So my question to you is: if you were putting dragons in a story -- big ones, the size of a truck at least, which fly just fine -- what would be your preferred method for dealing with the scientific problems that get in the way? Would it be the ultralight bones (maybe composed of a special magic material) and the helium sacs (maybe filled with a magic lighter-than-air gas instead)? And how would you address this explanation in the story, particularly in a pre-Enlightenment kind of society where stopping to explain these things would threaten to be a very out-of-place infodump? Or are you okay with it just being ignored -- dragons work, go with it -- so long as the author doesn't try to explain it in a way that draws your attention to the flaws in the explanation?
Or possibly I'm misunderstanding something fundamental in your point, and asking the wrong questions. But as I said in the brief beginning of the discussion, all fantasy magic ultimately draws a more or less arbitrary line where we say the real rules of science stop applying -- because if we didn't, then we'd be writing realism instead. I have a general sense of what arbitrariness passes my test and what doesn't; I'd like to figure out where that division is for you.
gravity still works, except for dragons. Or rather, it works enough for them that they have to wave their wings to take off and can crash if they fly badly, but not so much that they can't fly in the first place. It's a subtractive explanation, cutting away the bits that get in the way of the desired story.
I'm suspect that if you showed Isaac Newton an airplane, this would have been pretty much his reaction. There's a difference between "something that we don't understand works" and "something we understand doesn't work." Dragons flying and ray guns firing are essentially the same phenomenon.
Okay. Now I want to write a horror story wherein science doesn't work... Because that would be a seriously terrifying place to be, and it would be a really fascinating thought experiment to build it right.
Jack Vance wrote the sequel: "The Men Return."
This came up somewhere else and I suggested applying the science of Semantics and there were a lot of interesting comments one way and another.
Were you the one who started the riff I got involved in, or was that a different discussion? Because the notion of building something off the Law of Sympathy/Law of Contagion/Law of Names as Icon/Index/Symbol has kind of stuck in my hindbrain, and may produce something eventually.
Also, if your world has magic and technology, many COMPLETELY AWESOME things can then be imagined. Technology does not make the magic less cool. It makes it MORE cool.
I have two separate stories (one of them being the Onyx Court books) in which I'm trying to do exactly this -- hence really chewing on this topic.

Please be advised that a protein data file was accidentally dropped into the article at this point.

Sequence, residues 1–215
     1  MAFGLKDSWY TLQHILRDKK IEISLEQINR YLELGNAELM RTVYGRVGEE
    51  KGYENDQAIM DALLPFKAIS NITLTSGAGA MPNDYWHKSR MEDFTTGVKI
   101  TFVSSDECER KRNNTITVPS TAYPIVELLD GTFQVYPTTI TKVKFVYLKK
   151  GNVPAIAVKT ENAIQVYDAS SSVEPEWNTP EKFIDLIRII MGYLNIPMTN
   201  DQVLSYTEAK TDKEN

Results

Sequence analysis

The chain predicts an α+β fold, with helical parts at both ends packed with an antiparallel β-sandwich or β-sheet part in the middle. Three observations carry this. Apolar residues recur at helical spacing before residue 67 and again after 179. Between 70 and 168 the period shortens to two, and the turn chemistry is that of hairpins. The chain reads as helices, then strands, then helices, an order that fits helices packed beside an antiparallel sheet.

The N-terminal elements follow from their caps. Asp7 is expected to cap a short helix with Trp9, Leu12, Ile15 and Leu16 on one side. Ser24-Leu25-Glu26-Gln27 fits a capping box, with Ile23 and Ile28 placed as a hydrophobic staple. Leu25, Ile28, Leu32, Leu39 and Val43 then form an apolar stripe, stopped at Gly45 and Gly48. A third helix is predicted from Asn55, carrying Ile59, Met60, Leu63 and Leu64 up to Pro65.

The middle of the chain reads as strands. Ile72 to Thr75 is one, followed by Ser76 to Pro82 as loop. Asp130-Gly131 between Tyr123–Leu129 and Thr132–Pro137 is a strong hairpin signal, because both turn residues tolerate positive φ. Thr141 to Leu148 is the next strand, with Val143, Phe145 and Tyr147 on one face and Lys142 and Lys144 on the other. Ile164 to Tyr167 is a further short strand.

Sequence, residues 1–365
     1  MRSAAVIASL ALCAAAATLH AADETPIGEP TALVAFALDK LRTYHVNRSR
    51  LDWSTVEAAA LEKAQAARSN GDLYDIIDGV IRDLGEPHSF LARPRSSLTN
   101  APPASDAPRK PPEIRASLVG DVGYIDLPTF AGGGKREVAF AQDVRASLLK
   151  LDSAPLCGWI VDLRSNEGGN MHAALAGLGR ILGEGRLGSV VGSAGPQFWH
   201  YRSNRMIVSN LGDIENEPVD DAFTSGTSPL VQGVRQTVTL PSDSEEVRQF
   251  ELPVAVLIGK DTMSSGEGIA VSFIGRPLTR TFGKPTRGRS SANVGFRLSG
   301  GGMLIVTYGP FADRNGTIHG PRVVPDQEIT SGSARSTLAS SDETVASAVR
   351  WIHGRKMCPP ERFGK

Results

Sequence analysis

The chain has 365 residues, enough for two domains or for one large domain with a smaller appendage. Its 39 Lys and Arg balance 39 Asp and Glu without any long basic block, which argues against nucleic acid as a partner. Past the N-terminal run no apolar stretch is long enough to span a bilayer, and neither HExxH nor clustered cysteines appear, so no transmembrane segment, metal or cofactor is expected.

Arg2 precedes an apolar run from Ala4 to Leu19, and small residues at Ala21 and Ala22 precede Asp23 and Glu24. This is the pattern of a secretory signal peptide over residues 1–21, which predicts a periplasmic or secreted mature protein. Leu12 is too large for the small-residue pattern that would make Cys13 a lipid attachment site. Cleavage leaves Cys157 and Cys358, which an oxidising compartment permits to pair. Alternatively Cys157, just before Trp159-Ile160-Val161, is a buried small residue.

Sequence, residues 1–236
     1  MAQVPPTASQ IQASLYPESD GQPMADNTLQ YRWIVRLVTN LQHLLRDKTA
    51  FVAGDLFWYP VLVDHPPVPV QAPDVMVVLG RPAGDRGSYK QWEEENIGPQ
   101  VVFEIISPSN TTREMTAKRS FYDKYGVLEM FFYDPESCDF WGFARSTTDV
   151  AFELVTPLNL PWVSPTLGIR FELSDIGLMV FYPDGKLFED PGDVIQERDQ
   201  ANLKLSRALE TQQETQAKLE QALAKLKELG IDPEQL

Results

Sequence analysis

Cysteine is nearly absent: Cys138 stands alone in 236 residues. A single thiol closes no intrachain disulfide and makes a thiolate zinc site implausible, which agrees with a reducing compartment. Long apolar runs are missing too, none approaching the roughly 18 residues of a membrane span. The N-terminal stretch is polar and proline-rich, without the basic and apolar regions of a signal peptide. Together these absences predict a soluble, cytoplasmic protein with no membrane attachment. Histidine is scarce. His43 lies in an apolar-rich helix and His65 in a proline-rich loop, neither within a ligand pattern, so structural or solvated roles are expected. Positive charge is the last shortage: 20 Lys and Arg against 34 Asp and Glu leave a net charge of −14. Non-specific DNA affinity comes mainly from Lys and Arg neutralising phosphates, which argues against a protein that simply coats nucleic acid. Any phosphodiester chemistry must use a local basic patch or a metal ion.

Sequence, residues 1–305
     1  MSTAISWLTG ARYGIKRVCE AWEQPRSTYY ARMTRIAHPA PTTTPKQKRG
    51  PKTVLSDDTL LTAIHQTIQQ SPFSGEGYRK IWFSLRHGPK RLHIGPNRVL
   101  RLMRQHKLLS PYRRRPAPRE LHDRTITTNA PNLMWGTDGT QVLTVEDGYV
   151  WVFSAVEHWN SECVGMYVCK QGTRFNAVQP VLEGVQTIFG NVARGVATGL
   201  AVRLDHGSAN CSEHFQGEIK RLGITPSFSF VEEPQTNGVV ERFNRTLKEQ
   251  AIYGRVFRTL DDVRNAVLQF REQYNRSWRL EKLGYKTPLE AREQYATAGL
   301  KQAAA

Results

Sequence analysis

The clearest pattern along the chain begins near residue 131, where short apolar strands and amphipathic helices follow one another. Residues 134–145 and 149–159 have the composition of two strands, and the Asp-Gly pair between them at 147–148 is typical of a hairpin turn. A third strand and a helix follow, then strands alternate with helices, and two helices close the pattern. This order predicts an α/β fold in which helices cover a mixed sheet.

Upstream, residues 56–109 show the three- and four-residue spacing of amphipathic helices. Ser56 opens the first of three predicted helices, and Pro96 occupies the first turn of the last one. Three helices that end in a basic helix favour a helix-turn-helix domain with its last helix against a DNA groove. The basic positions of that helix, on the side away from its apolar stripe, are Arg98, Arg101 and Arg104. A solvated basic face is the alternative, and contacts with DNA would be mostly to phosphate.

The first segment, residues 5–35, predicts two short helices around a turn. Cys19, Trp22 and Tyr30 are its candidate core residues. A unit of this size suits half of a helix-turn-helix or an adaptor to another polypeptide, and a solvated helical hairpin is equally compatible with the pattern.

How do you feel about something like Zelazny's Amber, where it's obvious there is science, but it somehow works differently than ours does? (Our gunpowder doesn't work, but this other stuff does.)
It usually depends on how much time is spent on it. In the Amber books I can make displeased skeptical noises and keep reading; for a lesser writer, the latter action is a great deal less certain.
I like well-done alternate science, and I'm okay with certain applications (even implied applications) of the word "somehow," but the middle ground can get dicey.
This is a great post, and I love the way you put words and ideas together.
Yet more proof that when readers know a subject well, it's inevitable they will be bounced out unless the author knows it equally well. (This wouldn't bother me a nanosecond if the rest of the story hangs together.)
knitting is too a technology
It's all technology. Chipping flints is technology. Twining grass into nets and mats and baskets is technology. Steam engines and atomic reactors and electric lights are all technology, too, but so is knocking a sharp edge into a chunk of rock, and breeding new or improved plants and animals. And if there's technology, it's taking advantage of the things science explains for us. Some rocks are better for knapping, some metals make better swords. Some potential fuels work better in nuclear reactors. Some materials shield against radiation better than others. Not believing in science and technology does not make it go away.
As you are probably aware, I have recently fallen off the LJ wagon because of this very Science of which you speak, and I was therefore incredibly amused to see this post when I checked LJ for the first time in weeks, in my brief few moments of downtime.
Alas, I do not have time to go through the comments, but I'm sure they're excellent. My only contribution so far is, "Hear, hear!" and such.
Except for this last note:
Electroweak force, my ducklings. is the best sentence I've read all week.